New study shines light on extreme sentences for unjust felony murder convictions

WASHINGTON, D.C. – On March 23, the Sentencing Project and Fair and Just Prosecution released an extensive analysis of the United States’ fundamentally flawed felony murder laws – a legal landscape at odds with the rest of the world. Felony murder occurs when a person participates in a felony, such as a robbery, that results in someone’s death. Felony murder laws compel harsh decades-long – or even life – sentences even when the individual charged did not directly cause or intend the loss of life. The report, Felony Murder: An On-Ramp for Extreme Sentencing, explains tthousands of Americans will remain behind bars their entire lives, even though they do not pose a public safety risk, based on extreme sentencing provisions.

The report recounts the personal stories of people serving life sentences for felony murder. Emmanuel Mendoza, for example, was 19 when he took part in a robbery that ended in his accomplice fatally shooting the victim. Although Mendoza did not have a weapon and the killing had not been planned, he was convicted of felony murder with special circumstances and automatically sentenced to life without parole.

Despite extreme concerns with felony murder laws, 40 states, the District of Columbia, and the federal system allow life without parole (LWOP) sentences for felony murder convictions – and many jurisdictions mandate such sentences. These laws have particularly adverse impacts on young people of color and women.

The report also explains that extreme sentences for felony murder do little to protect public safety. An abundance of research shows that people age out of crime. And many of the people serving time for felony murder have already been imprisoned for decades.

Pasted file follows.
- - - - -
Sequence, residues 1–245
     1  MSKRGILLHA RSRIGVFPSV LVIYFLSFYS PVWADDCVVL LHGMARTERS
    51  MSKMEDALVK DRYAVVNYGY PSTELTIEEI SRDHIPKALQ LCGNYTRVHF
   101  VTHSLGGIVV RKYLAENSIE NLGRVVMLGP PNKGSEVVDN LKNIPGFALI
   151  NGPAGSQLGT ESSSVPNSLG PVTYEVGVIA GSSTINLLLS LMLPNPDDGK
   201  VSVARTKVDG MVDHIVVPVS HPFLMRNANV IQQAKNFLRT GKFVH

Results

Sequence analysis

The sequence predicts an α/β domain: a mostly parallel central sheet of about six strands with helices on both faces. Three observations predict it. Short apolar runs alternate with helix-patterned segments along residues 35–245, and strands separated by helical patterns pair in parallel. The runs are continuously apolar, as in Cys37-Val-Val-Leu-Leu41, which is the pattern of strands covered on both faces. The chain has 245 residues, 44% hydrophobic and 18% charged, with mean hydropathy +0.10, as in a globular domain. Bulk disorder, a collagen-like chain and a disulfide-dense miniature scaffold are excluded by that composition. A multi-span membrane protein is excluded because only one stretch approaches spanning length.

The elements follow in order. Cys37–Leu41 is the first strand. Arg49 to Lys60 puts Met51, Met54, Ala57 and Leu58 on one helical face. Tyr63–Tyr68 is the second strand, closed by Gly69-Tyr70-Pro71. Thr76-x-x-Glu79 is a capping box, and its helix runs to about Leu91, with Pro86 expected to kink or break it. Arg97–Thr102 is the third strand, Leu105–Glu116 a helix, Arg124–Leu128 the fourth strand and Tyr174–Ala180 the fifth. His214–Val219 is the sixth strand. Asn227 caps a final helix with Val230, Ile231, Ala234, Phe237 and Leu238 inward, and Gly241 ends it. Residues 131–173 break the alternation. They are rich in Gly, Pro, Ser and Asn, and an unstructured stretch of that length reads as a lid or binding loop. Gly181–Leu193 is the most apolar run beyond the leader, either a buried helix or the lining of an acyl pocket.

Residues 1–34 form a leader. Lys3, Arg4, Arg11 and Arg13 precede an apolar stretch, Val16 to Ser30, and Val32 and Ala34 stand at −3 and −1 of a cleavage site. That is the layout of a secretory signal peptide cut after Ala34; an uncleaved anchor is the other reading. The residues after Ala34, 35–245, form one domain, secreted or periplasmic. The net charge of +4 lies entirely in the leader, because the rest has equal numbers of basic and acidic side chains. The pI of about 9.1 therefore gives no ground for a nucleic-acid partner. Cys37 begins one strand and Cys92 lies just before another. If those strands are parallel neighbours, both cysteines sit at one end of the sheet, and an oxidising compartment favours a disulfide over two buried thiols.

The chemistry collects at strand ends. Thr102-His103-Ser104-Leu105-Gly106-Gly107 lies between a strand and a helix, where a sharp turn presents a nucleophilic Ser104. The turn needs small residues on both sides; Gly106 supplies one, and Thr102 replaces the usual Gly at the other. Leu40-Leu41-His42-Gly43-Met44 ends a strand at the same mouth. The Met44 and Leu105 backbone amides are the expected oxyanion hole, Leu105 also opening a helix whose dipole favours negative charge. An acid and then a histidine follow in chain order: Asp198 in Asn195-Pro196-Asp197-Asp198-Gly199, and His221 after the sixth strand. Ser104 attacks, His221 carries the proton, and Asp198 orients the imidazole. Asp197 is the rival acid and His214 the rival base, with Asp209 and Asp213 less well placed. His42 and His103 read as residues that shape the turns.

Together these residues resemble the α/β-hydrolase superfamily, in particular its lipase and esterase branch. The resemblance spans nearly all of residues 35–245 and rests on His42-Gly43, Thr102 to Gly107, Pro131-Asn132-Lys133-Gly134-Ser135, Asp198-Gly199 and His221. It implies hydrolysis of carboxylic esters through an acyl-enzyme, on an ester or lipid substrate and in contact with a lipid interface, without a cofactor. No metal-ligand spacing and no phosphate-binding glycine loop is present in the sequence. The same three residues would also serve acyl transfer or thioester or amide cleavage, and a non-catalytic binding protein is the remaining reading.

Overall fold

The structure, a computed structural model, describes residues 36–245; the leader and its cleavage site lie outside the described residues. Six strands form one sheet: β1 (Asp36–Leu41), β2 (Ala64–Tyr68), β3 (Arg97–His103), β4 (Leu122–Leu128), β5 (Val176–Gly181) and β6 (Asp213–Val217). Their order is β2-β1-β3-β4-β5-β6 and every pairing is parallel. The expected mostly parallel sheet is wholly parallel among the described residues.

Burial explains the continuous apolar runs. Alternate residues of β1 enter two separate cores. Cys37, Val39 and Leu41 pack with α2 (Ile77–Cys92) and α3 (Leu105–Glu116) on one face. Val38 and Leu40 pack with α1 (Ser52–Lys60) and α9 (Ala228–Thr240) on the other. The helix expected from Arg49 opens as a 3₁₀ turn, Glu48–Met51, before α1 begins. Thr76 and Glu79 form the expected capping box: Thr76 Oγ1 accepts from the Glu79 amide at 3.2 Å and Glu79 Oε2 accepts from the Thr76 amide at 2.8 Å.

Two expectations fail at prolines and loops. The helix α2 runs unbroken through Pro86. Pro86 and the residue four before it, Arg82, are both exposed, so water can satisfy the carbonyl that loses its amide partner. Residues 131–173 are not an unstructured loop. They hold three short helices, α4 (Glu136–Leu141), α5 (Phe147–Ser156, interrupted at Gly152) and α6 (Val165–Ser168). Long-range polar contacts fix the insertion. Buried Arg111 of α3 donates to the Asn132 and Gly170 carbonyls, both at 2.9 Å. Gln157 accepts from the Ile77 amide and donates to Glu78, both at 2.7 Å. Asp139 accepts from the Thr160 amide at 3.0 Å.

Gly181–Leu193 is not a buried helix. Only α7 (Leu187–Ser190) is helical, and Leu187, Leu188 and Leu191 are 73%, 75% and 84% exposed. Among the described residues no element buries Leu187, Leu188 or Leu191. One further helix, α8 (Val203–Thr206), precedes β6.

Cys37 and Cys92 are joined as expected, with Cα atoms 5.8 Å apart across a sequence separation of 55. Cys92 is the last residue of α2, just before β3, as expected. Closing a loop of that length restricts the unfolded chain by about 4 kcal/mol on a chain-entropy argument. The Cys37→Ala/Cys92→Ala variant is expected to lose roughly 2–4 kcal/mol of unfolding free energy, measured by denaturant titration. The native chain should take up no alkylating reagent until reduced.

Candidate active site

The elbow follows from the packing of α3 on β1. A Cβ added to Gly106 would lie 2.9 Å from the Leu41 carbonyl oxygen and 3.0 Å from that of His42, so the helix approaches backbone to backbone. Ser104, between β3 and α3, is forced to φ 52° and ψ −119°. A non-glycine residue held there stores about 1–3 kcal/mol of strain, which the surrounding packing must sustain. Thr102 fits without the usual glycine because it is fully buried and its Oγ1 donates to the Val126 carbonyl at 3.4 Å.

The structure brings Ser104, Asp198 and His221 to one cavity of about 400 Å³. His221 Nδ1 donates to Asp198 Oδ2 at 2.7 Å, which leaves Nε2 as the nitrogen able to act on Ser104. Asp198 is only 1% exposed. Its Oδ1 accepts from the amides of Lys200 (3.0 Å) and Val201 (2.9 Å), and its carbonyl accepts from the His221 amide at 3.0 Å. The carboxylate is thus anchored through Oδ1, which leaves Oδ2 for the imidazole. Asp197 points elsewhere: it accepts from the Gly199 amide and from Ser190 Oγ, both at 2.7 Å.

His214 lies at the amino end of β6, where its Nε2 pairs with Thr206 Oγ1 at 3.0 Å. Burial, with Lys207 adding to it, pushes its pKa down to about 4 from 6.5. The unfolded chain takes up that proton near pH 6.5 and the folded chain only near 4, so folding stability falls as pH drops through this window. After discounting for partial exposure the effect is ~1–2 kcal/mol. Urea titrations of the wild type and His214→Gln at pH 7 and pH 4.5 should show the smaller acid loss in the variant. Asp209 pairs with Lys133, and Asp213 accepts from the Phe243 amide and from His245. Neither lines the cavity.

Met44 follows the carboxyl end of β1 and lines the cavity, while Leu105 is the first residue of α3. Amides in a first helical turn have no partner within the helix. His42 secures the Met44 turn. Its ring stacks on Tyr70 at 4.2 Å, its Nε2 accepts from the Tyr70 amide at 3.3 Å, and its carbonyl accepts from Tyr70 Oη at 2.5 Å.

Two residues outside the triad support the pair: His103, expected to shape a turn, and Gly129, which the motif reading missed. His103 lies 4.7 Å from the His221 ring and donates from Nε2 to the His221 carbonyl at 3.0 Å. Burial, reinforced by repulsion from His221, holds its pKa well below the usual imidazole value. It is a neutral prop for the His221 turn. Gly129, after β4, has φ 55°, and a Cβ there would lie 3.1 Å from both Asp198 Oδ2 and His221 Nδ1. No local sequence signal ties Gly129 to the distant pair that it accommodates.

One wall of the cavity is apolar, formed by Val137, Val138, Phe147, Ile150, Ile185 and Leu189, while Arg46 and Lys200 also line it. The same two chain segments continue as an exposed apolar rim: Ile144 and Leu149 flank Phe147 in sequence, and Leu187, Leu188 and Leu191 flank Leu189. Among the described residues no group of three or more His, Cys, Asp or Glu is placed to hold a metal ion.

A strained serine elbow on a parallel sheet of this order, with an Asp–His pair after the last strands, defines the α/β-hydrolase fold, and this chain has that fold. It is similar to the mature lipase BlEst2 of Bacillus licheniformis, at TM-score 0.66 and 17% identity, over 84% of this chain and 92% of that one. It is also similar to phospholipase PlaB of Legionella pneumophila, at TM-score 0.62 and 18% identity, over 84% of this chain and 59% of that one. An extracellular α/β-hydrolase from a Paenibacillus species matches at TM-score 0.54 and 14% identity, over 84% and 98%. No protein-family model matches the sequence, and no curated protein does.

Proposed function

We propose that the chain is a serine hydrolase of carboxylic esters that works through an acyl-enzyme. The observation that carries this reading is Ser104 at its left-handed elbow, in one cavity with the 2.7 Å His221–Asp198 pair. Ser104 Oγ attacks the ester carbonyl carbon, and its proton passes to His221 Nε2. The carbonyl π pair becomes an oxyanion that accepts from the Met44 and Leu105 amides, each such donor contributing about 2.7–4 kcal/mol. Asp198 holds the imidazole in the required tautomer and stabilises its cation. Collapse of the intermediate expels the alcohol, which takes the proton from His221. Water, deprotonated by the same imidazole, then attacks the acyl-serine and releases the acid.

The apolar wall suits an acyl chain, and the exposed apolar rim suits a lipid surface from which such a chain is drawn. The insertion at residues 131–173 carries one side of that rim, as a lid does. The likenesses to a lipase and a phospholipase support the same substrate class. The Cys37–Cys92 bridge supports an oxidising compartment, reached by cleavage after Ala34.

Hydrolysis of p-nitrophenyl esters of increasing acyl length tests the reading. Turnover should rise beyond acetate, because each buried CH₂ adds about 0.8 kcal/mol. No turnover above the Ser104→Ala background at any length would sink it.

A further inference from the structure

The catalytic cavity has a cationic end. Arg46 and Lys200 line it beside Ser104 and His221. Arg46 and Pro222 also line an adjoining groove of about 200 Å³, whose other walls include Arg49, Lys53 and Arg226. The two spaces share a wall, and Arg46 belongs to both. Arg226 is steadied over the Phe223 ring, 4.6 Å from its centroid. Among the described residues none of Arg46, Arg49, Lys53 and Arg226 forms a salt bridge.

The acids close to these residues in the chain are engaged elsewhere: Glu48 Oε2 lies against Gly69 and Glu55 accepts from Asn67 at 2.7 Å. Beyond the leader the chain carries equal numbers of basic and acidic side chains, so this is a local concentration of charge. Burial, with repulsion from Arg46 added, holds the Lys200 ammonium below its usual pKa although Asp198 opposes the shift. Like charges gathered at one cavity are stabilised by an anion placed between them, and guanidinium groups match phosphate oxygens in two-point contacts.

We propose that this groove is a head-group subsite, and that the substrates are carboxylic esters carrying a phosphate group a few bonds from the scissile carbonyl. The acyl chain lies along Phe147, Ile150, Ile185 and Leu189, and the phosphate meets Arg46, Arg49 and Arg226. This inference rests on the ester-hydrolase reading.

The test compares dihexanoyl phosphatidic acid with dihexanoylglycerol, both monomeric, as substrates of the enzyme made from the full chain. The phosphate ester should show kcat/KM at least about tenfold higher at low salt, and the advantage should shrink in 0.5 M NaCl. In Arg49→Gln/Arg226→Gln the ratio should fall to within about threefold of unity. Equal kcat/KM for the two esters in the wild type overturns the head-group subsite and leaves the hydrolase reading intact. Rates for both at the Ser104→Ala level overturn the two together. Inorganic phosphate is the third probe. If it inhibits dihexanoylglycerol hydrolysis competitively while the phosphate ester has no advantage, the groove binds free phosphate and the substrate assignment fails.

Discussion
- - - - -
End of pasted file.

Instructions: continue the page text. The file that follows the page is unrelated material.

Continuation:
Other key findings include:

Approximately half of California's LWOP population was convicted of felony murder, based on a sample of 2,300 individuals who comprised half of the state's LWOP population.

In 2019, 1,166 Pennsylvanians were serving LWOP for felony murder—accounting for nearly one-quarter of the state's LWOP population. 

In Cook County, Illinois, eight out of 10 people sentenced under the felony murder rule between 2010 and 2020 were Black.

LWOP is prohibited for felony murder convictions in 155 of the 193 United Nations member states. Most countries that do impose LWOP sentences do so only sparingly. The United States is a glaring exception.

The Sentencing Project promotes effective and humane responses to crime that minimize imprisonment and criminalization of youth and adults by promoting racial, ethnic, economic, and gender justice. Fair and Just Prosecution is a national network of elected prosecutors working towards common-sense, compassionate criminal justice reforms. To learn more about FJP’s work, visit the FJP website and follow FJP on Facebook, Twitter, and LinkedIn.